Slate: The Ubiquitous Anderson

Today, Slate looks at The Brothers Bloom and “the problem of Wes Anderson’s pervasive influence.” Problem? Hrmm…

Rian Johnson’s caper comedy The Brothers Bloom begins its nationwide rollout already burdened with a reputation as an imitation of an American original. If Johnson’s terrific debut, Brick, crackled with the borrowed brio of the Coen brothers, early notices for The Brothers Bloom have identified a new muse: Wes Anderson. It’s an assessment that the preview and opening sequence hardly dispel.

But The Brothers Bloom is only the latest addition to a burgeoning subgenre. Over the last few years, Anderson’s movies have become touchstones for indie culture. In the 1990s, it seemed every NYU graduate and Sundance contender was making his own Tarantino knockoff. These days, the Tarantino imitators have been replaced by the Wes wannabes. A popular strain in recent American indie cinema has been the Andersonian quirkfest, a tendency that runs through movies like Juno, Napoleon Dynamite, Son of Rambow, Charlie Bartlett, and Garden State, among others.

Read and watch the slideshow essay.

Above all, the essay rehashes an old argument, about the alleged “decline” of Wes Anderson:

If Anderson’s ascent was swift, so has been the backlash. His last two movies, The Life Aquatic and The Darjeeling Limited, were received coolly by critics. Some of that has to do with the ubiquity of the Anderson aesthetic, an overexposure that has had the effect of watering down the originator’s own vision. (I wouldn’t be surprised if Aquatic and Darjeeling are rediscovered as unfairly maligned classics a decade or two from now, removed from the fickle context.) But part of it has to do with the elements of his style that Anderson has chosen to cultivate. The Royal Tenenbaums inaugurated the current Anderson period, defined by whimsical bricolage and diorama-style mise-en-scène. His recent movies give off the sense of an artist receding ever deeper into a dollhouse of his own making-or, worse, becoming his own imitator, repeating moves that we have become all too familiar with.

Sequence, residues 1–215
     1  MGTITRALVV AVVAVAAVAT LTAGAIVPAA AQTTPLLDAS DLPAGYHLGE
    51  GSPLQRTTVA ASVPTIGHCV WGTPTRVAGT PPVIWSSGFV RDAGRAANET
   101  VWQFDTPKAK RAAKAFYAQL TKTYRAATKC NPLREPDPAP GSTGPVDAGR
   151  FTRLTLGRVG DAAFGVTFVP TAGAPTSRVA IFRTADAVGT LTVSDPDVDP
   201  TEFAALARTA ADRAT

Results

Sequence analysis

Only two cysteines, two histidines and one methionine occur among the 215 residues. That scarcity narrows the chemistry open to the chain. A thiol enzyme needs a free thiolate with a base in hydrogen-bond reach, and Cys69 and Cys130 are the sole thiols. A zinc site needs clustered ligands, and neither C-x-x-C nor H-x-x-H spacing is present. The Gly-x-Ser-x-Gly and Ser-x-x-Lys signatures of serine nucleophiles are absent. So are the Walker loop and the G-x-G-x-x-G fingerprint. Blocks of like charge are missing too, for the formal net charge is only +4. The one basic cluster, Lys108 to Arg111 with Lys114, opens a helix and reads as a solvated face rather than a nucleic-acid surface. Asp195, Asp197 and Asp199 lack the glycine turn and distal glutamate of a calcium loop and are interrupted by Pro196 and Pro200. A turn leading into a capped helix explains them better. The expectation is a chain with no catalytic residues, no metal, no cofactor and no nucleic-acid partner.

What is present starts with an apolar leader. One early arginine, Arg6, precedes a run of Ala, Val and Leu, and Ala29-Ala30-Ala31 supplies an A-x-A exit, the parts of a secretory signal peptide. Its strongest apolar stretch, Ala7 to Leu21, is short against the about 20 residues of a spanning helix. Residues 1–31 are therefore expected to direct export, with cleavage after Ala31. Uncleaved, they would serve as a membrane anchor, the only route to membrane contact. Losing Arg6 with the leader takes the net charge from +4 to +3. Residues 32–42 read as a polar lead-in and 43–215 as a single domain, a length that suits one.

These criticisms are not new. I end with a quote from our interview with author Derek Hill from September of last year:

So if we castigate Anderson for these cinematic sins then we have to scold Alfred Hitchcock and John Ford and David Lynch and Stanley Kubrick and Yasujir? Ozu and Luis Buñuel and on and on. I think the criticism is unfair and displays a lack of awareness about how some directors choose to work. If you don’t like Anderson’s style, so be it. It’s the way he’s chosen to tell stories and I don’t think it’s necessarily a negative thing that he may have a limited thematic or stylistic palette. There’s nothing wrong with that. Look at the films of Lynch in regards to style. They’re distinctive yet rather limited; same with his themes. Even Kubrick, who tried his hand with various genres and style, was repeatedly working his way through ideas concerning control systems and the chance that what we label individuality wasn’t even possible within these constraining social and biological systems. Big, bold themes… but “limited” as well. Anderson is no different.

Derek Hill + Waris Ahluwalia (unrelated)

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Our old pal Derek Hill’s book is featured in today’s Bright Lights:

So back to those book reviews. First up is Derek Hill‘s “Charlie Kaufman and Hollywood’s Merry Band of Pranksters, Fabulists, and Dreamers: An Excursion into the American New Wave,” and Colm O’Shea notes that the filmmakers under consideration here, or at least the six warranting their own chapters, are Richard Linklater, David O Russell, Wes Anderson, Spike Jonze, Sofia Coppola and Michel Gondry…. It’s curious that Kaufman, despite being featured in the title, does not get a chapter to himself. Though the book was written before ‘Synecdoche, New York,’ Kaufman is after all presented as the driving force behind Jonze and Gondry’s best work to date, and the embodiment of the sensibility with which Hill is so enamoured…. Hill sets out his linking principle as a predominant thematic through-line of comic unease and alienation.”

If you haven’t read Derek’s book yet, you really should.

In an unrelated note, Aman Singh reports “You Can’t Offend Waris Ahluwalia”:

Waris Ahluwalia – best known for his roles in Wes Anderson movies and his House of Waris jewelry line – looked at us quizzically at Saturday’s Elise Overland presentation, as though trying to remember if he’d met us before. “I actively chose a while ago to go, I’m not going to remember anything,” he explained. “Sort of a meditative thing: I thought I would keep my head clear, and thoughts would flow in and out. And then I became an actor.” There are occupational hazards to this M.O., such as memorizing lines or awkward social encounters. “We were up in Hudson, on the street. This guy comes up: ‘Hey.’ I’m like, ‘Hey, nice to meet you.’ And, like, beginning of the summer we had spent a weekend at his house,” said Waris. But he has adopted a credo passed onto him by Simon Doonan: “Be unoffendable.” We decided to hold him to it.